10 Tips for Booking Cheap Holiday Flights

If you haven't given much thought to this year's holiday plans, don't panic. At least not yet.

We're still seeing plenty of great deals for November and December, but will they stick around? When it comes to airfare, there are no guarantees. For that reason, you'd be wise to book very soon. 

How to Find a Cheap Flight for Holiday Travel

As you begin this year's search for a cheap holiday fare, remember these 10 tips.

1. Don't Wait Too Long. A really great fare can pop up at any time, and that even holds true for holiday fares. But waiting around until the last minute is a risk that most folks don’t want to take when it comes to planning for the holidays. That said, the earlier you start hunting, the better. If you spot something reasonable—or better yet, cheap—don’t dawdle. Book first, sort out the details later. If you realize after that your flight doesn't suit the rest of your family or friends, you have 24 hours to cancel without penalty under DOT law.

2. Be Flexible. Let me guess. You want to depart the Wednesday before Thanksgiving at around 6pm and return Sunday afternoon? So does everyone else. That’s why those fares are the most expensive. If your goal is to get there as cheaply as possible, try searching for off peak flights at unpopular travel times. The more flexible you are, the better your odds at finding a deal. If you can manage leaving work a day early, try a 6am flight on Tuesday morning. You’ll find some of the lowest fares are for travel at odd hours on the day of Thanksgiving and Christmas.

3. Picky Travelers Should Definitely Book Early. For those with very specific flight preferences who need a certain departure time or a particular seat on the plane, or even those with large families traveling together, it’s a good idea to stake your claim sooner rather than later. Sure, it may end up costing extra but the more desirable seats on the most convenient flight times are the first to fill up.

4. It's a Gamble, but Sometimes Fares Drop Later in the Season. Feeling lucky? If you’re okay taking the risk, you could try and hold out until a few weeks before the holiday. Airlines have been known to offer last minute reductions on early morning and late night redeye flights. You’re essentially playing a game of chicken with airline revenue managers, and there’s no guarantee fares will actually drop last minute.

5. Connecting vs. Nonstop. As with any time of year, connecting flights are typically cheaper than nonstops. Of course, that also increases your odds of a delay, or worse, a cancellation. If you do opt for a cheaper connecting flight, try and route yourself through southern airports less likely to be hit by winter storms, like Phoenix, Dallas, and Atlanta.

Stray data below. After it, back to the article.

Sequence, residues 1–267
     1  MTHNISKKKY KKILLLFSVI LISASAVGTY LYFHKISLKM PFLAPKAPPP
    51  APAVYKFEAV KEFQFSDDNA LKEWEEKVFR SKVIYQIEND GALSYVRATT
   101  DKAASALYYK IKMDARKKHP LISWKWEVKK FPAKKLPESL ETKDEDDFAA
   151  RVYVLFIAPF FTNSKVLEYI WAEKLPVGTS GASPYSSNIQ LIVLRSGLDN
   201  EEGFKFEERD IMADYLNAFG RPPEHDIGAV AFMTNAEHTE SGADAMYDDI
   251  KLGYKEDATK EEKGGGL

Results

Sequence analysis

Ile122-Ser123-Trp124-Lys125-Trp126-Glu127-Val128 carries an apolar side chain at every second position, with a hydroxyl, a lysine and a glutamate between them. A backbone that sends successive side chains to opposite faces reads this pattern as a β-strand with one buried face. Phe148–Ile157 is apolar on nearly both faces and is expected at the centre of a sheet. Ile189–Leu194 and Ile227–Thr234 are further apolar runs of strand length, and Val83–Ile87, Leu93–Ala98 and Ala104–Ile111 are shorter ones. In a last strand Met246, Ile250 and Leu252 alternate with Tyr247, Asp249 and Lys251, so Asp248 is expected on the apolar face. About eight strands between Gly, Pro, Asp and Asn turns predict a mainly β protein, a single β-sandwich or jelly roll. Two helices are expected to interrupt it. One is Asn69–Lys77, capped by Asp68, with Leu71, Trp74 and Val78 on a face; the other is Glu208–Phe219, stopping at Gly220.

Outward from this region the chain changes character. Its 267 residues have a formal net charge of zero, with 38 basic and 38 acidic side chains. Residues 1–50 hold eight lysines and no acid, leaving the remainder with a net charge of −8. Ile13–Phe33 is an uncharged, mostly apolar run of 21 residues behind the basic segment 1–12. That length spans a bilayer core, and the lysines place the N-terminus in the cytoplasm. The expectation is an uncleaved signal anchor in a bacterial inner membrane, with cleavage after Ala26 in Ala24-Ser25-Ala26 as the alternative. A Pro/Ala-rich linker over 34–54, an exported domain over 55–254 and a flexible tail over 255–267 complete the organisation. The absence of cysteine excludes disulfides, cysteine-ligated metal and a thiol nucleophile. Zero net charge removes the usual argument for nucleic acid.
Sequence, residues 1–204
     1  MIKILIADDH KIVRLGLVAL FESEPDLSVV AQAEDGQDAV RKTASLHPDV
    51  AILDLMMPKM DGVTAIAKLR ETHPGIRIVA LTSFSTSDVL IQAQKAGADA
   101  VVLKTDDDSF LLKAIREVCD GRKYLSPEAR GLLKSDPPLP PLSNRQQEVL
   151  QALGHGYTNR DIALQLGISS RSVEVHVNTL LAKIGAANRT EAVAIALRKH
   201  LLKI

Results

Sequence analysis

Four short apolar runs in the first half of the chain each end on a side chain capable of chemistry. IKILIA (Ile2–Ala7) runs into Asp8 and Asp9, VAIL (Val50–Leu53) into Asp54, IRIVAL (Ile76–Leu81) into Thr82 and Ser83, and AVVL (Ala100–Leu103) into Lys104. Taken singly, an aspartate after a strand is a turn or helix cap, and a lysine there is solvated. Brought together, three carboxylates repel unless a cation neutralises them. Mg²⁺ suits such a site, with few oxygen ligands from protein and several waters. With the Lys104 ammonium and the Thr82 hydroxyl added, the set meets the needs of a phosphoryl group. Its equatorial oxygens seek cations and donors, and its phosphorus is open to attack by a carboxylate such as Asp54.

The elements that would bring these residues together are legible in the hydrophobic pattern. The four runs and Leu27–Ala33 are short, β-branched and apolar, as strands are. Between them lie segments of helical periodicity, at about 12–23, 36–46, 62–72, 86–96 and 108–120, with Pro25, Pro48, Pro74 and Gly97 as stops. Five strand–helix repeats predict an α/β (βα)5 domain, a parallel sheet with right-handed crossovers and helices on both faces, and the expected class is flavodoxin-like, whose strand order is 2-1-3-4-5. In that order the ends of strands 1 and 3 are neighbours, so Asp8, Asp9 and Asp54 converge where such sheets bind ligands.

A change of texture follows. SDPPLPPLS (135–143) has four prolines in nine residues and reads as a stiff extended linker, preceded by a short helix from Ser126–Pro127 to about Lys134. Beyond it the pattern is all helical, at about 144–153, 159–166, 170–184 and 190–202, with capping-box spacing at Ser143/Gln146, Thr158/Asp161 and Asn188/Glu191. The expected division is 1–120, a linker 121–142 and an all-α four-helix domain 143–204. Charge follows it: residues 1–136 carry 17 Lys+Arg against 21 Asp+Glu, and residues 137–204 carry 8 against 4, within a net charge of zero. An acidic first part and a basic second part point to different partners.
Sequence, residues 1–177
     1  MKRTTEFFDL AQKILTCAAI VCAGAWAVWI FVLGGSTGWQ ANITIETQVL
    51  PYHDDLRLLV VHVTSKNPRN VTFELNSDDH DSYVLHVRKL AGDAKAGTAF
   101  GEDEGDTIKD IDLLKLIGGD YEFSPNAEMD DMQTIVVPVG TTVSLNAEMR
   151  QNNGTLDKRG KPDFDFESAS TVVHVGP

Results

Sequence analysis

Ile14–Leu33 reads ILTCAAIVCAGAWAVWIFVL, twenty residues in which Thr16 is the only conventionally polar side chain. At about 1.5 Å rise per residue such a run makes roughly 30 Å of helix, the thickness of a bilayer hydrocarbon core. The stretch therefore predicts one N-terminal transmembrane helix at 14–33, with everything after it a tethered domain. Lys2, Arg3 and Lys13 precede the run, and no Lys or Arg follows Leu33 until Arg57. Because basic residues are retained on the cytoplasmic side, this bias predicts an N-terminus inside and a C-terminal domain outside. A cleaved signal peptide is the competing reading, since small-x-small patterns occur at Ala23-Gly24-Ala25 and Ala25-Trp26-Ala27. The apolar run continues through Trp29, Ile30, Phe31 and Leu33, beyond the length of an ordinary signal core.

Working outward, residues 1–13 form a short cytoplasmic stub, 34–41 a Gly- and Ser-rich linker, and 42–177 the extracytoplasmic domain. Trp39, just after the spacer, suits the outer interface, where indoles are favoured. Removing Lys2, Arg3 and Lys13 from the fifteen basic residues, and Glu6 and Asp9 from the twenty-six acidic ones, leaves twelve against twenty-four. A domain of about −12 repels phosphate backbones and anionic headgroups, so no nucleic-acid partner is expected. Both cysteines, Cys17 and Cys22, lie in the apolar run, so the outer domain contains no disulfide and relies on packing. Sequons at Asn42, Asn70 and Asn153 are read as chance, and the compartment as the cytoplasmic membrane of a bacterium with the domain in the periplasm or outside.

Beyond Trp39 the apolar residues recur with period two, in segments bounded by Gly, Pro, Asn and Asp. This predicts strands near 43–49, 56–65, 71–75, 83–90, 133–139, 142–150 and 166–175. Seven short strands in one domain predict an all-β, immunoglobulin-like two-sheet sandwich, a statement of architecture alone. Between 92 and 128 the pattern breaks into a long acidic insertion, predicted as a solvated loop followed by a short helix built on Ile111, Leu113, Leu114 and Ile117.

6. Don’t Expect to Pay What You’ve Paid in Previous Years. Recently hiked baggage fees are certain to have an impact on holiday travelers, along with capacity cuts and other factors. Then again, the opposite may be true in markets where new service has been added and you could wind up pleasantly surprised.

7. Consider Leaving the Country. Airfares don’t always make sense and this is especially true around the holidays. Case in point: why spend $600 just to wind up back in your hometown when a ticket to Rome is $150 less? International fares can sometimes cost less than domestic flights over the holidays, so dust off your passport and make a vacation of it.

8. Look for Bargains in Business. With fewer business folks traveling, the holidays are also a great time to find deals on international Business Class. British Airways often has excellent discounts on biz class seats to London and elsewhere in Europe.

9. Use Miles. If you've been squirreling away miles, the holidays could be the time to put 'em to use. That is, assuming there's availability for your flight.

10. Fares Can Change Several Times in a Day. Make sure you're on top of price fluctuations by setting an airfare alert. You don't want to miss out on holiday flash sales or promo code deals which tend to sell out very quickly.

Above image by Bochkarev Photography via Shutterstock

Comments